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Future Humans: How Many Of Us Will There Be?

Planet Earth is a vast place, with humans scattered all over it.

But how we're distributed is far from even. About half of the planet's 7.5 billion people live in just seven countries. China tops the list with over 1.4 billion people, while its neighbor India is catching up fast at 1.3 billion. Though far below the billion mark, the United States comes in third, with about 325 million people. Indonesia, Brazil, Pakistan and Nigeria round out the top seven.

Dividing the world up by continents can give a sense of where the world's population is clustered. North and South America combined have about a billion people. Africa has 1.3 billion, and Europe is at 742 million. And then there's Asia, with 4 1/2 billion people. That's more than half of the humans on Earth.

How many more people will there be in the next hundred years? The United Nations estimated in a report released Wednesday that by 2100, the human population will actually stop growing.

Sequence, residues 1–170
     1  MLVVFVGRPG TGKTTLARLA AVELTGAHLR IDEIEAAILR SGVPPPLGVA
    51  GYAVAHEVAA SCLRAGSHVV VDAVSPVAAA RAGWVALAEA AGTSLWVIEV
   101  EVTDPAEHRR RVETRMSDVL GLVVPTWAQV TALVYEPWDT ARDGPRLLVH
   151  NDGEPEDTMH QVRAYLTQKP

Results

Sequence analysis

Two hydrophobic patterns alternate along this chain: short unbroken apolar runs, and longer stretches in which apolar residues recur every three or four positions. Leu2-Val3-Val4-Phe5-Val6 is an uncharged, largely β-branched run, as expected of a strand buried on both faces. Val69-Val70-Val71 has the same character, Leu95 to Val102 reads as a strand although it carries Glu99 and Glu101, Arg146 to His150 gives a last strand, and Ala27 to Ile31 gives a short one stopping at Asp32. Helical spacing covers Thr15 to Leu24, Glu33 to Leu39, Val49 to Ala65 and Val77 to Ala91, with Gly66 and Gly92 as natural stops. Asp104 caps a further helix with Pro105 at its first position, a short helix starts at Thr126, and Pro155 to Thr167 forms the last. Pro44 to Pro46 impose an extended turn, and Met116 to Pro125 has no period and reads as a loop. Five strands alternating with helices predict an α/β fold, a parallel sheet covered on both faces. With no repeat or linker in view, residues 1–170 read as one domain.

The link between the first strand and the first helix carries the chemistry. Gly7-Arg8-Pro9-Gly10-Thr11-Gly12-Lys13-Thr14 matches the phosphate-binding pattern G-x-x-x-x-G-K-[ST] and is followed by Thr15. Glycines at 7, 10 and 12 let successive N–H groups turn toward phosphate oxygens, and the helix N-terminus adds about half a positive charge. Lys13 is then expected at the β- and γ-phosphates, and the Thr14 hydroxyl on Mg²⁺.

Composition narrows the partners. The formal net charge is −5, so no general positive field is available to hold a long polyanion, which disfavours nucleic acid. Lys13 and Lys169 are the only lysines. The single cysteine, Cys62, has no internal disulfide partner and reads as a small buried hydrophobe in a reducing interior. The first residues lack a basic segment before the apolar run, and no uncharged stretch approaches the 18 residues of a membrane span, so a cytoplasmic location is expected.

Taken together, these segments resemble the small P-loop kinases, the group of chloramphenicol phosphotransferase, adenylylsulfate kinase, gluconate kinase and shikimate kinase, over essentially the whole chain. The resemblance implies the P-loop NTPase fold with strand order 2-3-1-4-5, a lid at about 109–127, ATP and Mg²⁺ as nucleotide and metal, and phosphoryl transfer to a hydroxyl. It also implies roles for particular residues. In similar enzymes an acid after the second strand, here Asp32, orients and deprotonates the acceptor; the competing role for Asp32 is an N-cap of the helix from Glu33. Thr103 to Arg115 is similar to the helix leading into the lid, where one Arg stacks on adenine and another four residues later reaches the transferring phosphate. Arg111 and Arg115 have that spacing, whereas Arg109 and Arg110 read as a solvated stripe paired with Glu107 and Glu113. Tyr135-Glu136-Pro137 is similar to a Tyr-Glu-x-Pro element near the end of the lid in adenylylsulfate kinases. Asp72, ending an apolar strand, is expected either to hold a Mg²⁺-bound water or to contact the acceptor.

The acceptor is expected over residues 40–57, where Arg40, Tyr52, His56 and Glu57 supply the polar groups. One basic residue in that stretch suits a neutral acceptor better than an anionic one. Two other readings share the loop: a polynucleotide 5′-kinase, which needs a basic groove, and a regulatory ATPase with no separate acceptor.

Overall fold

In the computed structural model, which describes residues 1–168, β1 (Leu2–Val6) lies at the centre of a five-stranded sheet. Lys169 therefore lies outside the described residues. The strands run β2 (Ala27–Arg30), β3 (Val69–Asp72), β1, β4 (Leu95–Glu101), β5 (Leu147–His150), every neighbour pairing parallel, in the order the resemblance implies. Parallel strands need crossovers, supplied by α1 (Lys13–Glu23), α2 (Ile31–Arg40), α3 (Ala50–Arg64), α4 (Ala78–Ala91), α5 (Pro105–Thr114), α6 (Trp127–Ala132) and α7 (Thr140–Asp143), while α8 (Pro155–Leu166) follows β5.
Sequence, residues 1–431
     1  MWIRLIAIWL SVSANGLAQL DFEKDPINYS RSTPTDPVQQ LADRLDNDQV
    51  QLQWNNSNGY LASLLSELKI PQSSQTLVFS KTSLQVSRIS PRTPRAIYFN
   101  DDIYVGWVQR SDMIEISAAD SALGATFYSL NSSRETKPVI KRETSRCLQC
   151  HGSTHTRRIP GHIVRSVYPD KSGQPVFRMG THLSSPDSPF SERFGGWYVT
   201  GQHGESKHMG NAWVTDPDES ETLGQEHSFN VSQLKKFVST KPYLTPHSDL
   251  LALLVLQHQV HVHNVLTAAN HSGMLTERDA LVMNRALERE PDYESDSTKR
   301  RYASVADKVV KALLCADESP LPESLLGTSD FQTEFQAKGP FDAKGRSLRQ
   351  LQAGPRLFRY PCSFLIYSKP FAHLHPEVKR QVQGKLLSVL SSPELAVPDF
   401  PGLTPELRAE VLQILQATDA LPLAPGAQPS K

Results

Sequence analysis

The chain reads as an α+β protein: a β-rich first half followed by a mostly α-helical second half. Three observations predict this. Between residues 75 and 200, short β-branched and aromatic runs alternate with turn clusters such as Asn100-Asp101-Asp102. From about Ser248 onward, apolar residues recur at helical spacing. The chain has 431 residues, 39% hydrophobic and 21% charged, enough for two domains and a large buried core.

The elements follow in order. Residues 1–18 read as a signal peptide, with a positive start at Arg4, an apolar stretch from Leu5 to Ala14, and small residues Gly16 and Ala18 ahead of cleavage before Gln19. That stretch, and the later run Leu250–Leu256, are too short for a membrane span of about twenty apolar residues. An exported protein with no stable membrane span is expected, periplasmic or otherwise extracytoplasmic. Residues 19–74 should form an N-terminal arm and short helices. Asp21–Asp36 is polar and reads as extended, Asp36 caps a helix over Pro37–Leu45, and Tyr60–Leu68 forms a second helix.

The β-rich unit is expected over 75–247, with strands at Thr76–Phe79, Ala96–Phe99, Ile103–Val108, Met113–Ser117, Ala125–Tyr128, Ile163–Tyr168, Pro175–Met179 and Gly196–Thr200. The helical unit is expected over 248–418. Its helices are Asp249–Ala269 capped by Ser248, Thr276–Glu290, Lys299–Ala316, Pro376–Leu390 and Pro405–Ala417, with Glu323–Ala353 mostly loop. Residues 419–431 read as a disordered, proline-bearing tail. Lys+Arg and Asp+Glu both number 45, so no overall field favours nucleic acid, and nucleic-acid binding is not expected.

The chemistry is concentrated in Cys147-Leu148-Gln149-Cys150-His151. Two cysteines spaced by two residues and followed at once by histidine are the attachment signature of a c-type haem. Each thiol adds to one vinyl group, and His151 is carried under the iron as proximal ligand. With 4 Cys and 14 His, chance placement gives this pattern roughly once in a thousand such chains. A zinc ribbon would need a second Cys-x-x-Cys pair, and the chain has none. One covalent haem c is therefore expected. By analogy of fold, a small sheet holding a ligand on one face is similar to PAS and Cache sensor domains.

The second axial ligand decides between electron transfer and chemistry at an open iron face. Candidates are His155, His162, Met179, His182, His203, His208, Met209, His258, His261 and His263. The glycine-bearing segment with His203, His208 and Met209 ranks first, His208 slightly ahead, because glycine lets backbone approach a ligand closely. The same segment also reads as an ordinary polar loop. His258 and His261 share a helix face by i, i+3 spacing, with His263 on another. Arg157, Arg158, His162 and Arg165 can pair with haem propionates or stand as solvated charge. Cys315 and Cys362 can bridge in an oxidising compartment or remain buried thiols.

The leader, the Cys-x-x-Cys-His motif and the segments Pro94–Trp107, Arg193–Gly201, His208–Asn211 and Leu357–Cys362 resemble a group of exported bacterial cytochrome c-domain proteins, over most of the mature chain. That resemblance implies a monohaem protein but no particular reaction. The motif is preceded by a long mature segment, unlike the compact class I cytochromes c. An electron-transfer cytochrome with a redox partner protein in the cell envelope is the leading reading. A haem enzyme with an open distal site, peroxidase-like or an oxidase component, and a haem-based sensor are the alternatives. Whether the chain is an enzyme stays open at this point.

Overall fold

By then, the U.N. predicts that more people will live in cities, make more money, have more to eat, get better health care and have fewer kids.

There will probably be about another half-billion people in Asia and 3 billion more in Africa, which is currently the continent with the youngest average age.

If the U.N. estimate holds up, there will eventually be 11.2 billion people living on Planet Earth, about 50 percent more than the current 7.5 billion. And 80 percent of future earthlings will live on just two continents — Asia and Africa.

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Corrected: June 23, 2017 at 12:00 AM EDT
A previous version of this story incorrectly said Africa and Europe have a combined population of about 1 billion. In fact, the continents have a total of about 2 billion people.
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